|Out of drugs
Jun 22, 2002
Dear Dr. Little I have written to you before and I am now back again. I appreciate all you and this site do for us. First of all a little backround. I am 45, have had an AIDS diagnosis for 9 years. I have been on meds for that entire period. My counts have never been great. My t's generally range from around 300 and my viral load is normally about 20K. The counts have bounced up and down. When they have bounced too low we have done genotypes and switched meds. At present I am on Viread, epivir, ddi(250mg) and Kaletra. I have been on this combo since Feb '02. (I should also mention that I have always taken my meds on time and in the prescribed manner). The bad news is that I have been feeling very run down. This last week my labs came back. My t's remained at about 300, but my VL jumped up to 200K. The last resistance test done at the beginning of the year showed that I was resistant to all meds, save for the Kaletra and Viread. So I would assume that if we were to do one today I would be resistant to all meds. My Dr and I agreed that we would retest just to make sure that there is not some lab error. If not he laid out the two options he sees. First, come off all meds. Monitor things and then see if the virus goes to "wild state". and then start up meds again. Second, do some sort of "Mega HART". I just wanted to get your opinion. I am sort of leaning to taking a holiday. I should also mention that I have bad some pretty bad neuoropathy in my feet and when I have taken things with Norvir my liver counts have gone way up.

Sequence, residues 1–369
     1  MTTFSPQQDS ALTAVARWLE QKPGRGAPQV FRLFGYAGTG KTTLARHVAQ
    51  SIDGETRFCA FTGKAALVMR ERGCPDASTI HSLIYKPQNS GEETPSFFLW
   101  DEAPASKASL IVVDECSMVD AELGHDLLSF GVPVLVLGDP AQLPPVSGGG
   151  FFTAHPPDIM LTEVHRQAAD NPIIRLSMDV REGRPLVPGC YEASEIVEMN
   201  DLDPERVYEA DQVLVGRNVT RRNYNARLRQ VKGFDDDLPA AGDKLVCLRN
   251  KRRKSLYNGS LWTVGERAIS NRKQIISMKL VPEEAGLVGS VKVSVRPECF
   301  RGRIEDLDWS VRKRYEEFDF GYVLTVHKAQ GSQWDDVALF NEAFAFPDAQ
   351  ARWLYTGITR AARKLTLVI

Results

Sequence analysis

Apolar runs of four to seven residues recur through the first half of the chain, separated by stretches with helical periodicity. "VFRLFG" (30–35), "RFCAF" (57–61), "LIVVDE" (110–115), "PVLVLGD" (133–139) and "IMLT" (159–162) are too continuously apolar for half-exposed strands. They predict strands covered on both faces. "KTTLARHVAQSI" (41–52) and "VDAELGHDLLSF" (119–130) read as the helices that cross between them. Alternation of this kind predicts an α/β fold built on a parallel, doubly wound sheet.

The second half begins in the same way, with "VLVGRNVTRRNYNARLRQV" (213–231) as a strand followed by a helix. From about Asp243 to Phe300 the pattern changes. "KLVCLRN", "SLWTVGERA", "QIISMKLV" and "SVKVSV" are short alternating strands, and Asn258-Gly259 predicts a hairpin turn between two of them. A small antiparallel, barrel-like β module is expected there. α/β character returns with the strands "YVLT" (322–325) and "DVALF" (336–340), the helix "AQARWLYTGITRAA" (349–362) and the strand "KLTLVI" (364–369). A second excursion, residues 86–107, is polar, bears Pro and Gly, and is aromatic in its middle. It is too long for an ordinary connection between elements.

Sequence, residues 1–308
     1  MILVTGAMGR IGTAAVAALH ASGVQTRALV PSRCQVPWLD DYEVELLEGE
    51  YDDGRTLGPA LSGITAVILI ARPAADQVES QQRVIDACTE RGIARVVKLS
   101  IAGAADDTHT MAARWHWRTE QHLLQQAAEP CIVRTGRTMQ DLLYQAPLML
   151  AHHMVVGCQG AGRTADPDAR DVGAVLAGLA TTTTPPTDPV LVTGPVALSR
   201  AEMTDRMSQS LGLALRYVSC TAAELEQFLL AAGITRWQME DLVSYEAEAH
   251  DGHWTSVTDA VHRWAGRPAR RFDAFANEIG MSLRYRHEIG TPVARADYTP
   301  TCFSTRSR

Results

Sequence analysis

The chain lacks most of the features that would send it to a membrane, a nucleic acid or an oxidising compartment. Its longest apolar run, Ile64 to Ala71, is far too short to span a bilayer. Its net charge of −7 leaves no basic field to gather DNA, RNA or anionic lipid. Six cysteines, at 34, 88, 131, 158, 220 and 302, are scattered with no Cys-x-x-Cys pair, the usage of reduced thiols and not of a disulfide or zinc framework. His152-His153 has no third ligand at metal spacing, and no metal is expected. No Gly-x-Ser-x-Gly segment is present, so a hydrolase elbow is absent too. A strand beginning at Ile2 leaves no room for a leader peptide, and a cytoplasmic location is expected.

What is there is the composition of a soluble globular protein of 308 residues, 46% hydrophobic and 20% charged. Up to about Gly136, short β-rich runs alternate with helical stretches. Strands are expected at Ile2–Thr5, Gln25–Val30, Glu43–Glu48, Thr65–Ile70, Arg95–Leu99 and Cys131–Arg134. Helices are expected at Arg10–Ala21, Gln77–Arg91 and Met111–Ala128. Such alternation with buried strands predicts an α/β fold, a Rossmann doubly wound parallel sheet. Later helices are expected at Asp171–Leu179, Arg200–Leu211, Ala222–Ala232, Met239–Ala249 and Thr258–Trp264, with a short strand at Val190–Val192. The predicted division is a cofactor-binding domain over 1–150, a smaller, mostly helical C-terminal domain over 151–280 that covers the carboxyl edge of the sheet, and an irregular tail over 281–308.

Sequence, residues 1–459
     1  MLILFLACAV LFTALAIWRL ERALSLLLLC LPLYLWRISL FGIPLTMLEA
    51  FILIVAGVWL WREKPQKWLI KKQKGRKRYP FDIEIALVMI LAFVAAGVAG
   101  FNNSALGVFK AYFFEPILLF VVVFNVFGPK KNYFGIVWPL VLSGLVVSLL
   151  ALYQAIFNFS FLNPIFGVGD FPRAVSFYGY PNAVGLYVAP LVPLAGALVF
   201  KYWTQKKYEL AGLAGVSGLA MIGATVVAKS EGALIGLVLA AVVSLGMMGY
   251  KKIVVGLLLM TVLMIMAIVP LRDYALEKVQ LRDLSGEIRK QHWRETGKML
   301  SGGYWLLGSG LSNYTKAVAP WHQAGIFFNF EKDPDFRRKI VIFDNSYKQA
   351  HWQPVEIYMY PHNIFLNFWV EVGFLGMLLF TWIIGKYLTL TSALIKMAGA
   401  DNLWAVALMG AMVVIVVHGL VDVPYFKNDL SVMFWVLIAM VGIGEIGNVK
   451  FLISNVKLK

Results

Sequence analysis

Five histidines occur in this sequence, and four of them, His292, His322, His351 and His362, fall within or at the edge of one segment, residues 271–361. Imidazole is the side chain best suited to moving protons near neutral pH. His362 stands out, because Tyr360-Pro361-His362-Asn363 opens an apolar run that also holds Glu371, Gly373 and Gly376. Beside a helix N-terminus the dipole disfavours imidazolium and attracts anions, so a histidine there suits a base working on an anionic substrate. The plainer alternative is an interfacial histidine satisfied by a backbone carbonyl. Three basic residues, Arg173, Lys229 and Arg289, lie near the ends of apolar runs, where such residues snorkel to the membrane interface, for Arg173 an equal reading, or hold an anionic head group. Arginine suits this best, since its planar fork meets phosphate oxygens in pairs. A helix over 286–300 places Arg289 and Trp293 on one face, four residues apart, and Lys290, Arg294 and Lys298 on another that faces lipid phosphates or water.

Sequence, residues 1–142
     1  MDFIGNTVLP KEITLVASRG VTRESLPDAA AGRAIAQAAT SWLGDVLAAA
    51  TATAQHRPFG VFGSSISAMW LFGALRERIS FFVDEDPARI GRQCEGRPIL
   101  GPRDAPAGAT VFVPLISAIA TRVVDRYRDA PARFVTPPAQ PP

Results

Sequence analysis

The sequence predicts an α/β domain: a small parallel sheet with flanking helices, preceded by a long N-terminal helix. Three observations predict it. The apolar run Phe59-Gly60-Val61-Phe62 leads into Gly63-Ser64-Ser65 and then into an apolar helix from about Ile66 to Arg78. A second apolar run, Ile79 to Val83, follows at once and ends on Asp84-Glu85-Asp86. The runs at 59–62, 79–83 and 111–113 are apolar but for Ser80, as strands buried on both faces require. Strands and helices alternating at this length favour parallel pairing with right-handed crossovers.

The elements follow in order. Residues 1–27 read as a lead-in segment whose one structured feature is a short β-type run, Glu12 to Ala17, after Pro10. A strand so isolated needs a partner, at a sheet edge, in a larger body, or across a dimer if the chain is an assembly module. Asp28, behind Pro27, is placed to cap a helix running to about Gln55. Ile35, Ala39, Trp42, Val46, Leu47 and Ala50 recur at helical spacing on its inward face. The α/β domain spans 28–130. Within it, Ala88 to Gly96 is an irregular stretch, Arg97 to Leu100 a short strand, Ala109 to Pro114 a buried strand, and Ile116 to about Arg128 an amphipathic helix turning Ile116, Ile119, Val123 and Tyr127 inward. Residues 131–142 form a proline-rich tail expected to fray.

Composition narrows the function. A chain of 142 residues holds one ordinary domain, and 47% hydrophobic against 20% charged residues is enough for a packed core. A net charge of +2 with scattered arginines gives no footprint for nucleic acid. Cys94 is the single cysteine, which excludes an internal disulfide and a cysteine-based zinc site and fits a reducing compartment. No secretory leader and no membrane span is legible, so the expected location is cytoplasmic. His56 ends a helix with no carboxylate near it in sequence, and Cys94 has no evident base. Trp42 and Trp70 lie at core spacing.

Response from Dr. Little
I wish I could give an easy answer. If in fact you are resistant to all available drugs, then you need to balance the potential benefits of a partially suppressive regimen (assuming that as in most cases, some drugs retain some activity) and the risks of taking a drug holiday when your T cells are at or below 300 (with a high viral load). I don't think there is one correct answer to this question. I think it depends on the severity of your side effects on your current or planned regimen and the rate at which your T cells are likely to fall off of all therapy. There are in fact new drugs coming in development and I would stronly advise you to find out whether you may now or later have access to any of these drugs in your community (ie. integrase inhibitors). In the meantime, it is true that survival is prolonged in people who take some antiretroviral therapy, even if that treatment is not fully suppressive. However, your CD4 cell count is near 300 and thus you do have a small cushion that you could also probably afford to take a treatment holiday and watch closely with the plan to restart therapy if your CD4 cell count falls rapidly off treatment.
I do not think that allowing wild-type virus to re-emerge off treatment will significantly change your long term treatment options, but it may buy you some time (and improve your quality of life without medication side effects) while awaiting newer more potent treatments for drug resistant virus.
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